Thursday, May 19

‘They can’t speak freely’: Hong Kong one year after national security law | Hong Kong

OROne year after Beijing imposed a National Security Law (NSL) on Hong Kong, the city has fundamentally and radically changed. Political opposition has been largely crushed, pro-democracy newspapers have been forced to shut down or self-censor, political and advocacy groups have disbanded. Thousands of residents have fled abroad.

At least 128 people have been arrested under the NSL or by its dedicated police department, including three minors, dozens of politicians and journalists. More than half have been charged with crimes against national security that carry up to life imprisonment and only 17 received bail.

But with the first case to go to trial last week, the law, which broadly prohibits acts of secession, subversion, foreign collusion and terrorism, remains unproven. Analysts say hasty arrests and slow prosecutions are a deliberate strategy designed to stoke fear, and that due process interventions jeopardize the right to a fair trial.

The Guardian has been tracking the use of NSL since its introduction. Based on police press releases, social media posts and news reports, it determined that at least 128 people have been arrested, some of them multiple times, by the police national security department (NSD). .

The Hong Kong police and the national security bureau gave different figures – 113 and 115 respectively – while the justice department said it “does not keep any records of statistical information.”

The bureau said 64 people had been charged, but the others remain under investigation. The low rate of charges so long after the arrest is deliberate, said Eric Lai, a Hong Kong law fellow at Georgetown University and a co-author of two recent reports from Georgetown Asian Law Center examining the NSL.

“It is entirely under their control if and when they will process the arrested person on police bail,” Lai said. “[Not doing so] it creates a silencing effect on society, an idea that everyone could be arbitrarily arrested, even without charge, so they cannot speak freely and participate in political society ”.

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Jeffrey Wasserstrom, a historian of modern China at the University of California, Irvine, and an author on Hong Kong, said authorities already had the ability to “arrest, detain and prosecute people for many actions that displeased them,” but that the NSL had added the fear of long sentences and provided greater potential to punish people for speaking out. “This has a powerful chilling effect,” he said.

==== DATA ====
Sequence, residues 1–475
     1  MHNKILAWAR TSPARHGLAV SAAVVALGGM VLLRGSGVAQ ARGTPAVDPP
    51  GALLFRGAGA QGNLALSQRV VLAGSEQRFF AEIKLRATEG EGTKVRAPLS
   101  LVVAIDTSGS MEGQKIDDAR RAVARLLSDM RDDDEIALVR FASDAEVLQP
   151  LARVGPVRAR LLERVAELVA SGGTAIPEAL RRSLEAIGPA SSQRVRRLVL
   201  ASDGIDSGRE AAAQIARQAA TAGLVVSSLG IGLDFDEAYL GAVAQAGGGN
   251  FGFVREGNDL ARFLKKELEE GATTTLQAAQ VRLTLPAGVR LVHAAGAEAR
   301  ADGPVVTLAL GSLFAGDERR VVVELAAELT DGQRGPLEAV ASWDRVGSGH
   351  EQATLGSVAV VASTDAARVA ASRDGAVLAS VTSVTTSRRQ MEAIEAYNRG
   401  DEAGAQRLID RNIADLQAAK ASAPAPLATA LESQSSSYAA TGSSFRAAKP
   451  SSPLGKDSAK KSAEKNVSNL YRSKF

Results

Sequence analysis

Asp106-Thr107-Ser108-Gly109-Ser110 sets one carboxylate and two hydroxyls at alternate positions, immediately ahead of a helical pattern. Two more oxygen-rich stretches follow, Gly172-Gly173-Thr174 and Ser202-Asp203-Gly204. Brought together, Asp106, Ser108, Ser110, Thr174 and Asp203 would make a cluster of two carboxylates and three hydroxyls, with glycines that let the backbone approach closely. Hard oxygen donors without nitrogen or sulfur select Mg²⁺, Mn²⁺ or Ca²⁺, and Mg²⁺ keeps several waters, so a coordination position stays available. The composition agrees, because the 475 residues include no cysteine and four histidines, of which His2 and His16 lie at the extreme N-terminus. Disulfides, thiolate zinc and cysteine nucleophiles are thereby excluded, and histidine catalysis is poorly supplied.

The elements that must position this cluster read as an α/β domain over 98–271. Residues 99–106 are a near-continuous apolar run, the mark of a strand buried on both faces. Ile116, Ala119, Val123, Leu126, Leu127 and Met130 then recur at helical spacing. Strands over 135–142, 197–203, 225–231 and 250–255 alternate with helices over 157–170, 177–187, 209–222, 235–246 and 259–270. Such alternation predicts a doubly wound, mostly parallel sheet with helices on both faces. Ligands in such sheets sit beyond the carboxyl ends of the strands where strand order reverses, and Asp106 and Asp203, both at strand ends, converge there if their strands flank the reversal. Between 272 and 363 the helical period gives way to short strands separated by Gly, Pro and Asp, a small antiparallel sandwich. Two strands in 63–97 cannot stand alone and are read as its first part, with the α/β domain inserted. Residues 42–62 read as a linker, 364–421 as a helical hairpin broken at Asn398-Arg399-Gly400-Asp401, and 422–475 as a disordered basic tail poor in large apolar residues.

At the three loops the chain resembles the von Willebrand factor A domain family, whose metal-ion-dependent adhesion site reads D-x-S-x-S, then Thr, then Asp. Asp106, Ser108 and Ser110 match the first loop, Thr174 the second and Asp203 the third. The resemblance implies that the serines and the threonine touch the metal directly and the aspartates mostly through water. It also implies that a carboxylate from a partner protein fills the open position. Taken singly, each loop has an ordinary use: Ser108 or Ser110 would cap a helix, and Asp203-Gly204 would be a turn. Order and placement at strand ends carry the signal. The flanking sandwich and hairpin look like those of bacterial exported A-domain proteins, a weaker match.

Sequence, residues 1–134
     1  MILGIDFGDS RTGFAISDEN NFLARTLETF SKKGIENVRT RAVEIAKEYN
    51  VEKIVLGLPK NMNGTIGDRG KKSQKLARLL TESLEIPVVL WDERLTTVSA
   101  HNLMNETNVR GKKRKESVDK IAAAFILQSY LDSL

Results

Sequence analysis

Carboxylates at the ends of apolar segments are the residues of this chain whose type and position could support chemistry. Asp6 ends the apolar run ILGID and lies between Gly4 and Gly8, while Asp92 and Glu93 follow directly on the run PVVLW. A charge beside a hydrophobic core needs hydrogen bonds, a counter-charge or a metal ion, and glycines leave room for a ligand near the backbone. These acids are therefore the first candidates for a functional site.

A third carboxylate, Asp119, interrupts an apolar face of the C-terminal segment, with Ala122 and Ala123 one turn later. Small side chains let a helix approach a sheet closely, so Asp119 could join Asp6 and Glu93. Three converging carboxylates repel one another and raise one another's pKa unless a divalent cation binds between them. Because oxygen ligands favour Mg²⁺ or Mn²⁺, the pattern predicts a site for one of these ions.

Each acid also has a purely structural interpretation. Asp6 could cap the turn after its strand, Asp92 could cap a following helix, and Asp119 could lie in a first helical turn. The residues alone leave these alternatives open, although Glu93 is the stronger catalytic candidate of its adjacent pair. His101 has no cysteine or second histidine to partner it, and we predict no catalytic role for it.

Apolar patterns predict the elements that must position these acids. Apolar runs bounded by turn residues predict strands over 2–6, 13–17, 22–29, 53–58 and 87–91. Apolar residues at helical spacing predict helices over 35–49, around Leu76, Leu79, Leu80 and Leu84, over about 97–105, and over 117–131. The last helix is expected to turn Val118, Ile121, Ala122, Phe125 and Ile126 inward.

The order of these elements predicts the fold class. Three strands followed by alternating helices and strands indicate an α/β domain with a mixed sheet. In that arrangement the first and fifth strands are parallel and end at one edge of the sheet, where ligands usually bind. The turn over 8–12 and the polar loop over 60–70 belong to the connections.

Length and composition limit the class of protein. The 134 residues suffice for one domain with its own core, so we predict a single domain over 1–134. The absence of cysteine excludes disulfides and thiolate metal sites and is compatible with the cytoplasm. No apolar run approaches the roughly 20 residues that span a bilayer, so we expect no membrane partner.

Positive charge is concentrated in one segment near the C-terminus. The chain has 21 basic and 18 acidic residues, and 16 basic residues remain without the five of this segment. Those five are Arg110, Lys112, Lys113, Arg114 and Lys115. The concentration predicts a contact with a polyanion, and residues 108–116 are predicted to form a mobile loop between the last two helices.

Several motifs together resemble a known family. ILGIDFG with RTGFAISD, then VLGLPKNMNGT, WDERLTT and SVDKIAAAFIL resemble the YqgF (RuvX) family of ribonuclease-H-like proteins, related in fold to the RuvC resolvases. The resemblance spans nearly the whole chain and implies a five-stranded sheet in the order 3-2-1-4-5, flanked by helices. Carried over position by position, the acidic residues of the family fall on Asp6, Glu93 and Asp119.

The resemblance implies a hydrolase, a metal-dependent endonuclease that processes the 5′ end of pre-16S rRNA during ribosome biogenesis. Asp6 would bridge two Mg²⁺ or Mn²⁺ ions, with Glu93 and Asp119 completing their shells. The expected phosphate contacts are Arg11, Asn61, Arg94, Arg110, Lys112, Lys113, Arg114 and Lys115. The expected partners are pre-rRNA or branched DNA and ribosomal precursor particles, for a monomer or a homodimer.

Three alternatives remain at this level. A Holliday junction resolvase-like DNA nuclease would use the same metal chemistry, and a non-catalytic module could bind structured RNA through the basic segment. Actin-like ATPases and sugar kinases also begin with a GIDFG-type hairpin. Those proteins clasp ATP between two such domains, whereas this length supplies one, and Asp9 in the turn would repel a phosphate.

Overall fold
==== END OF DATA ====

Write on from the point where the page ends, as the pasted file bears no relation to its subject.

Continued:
Few people in Hong Kong are still willing to speak publicly in opposition to the government, and interviews with foreign media have been cited in at least one case (against Jimmy Lai) and two bail hearings (against the former legislator Claudia Mo).

High-profile activists like Jimmy Lai and Joshua Wong are among those awaiting national security trials. But there are others, such as Margaret Ng, Martin Lee, Lee Cheuk Yan, and Albert Ho, who have been charged or convicted under pre-existing laws covering unauthorized protests, anti-pandemic assembly bans, and the colonial-era sedition law.

Among the cases tracked by The Guardian, dozens of people arrested by the NSD, which has vastly expanded powers, were charged with fraud, money laundering, non-NSL sedition and other crimes unrelated to the new law, blurring the line. between customary law and customary law. National security.

An Amnesty International report released Wednesday said: “The authorities are exercising these investigative powers with virtually no control in cases potentially unrelated to national security.”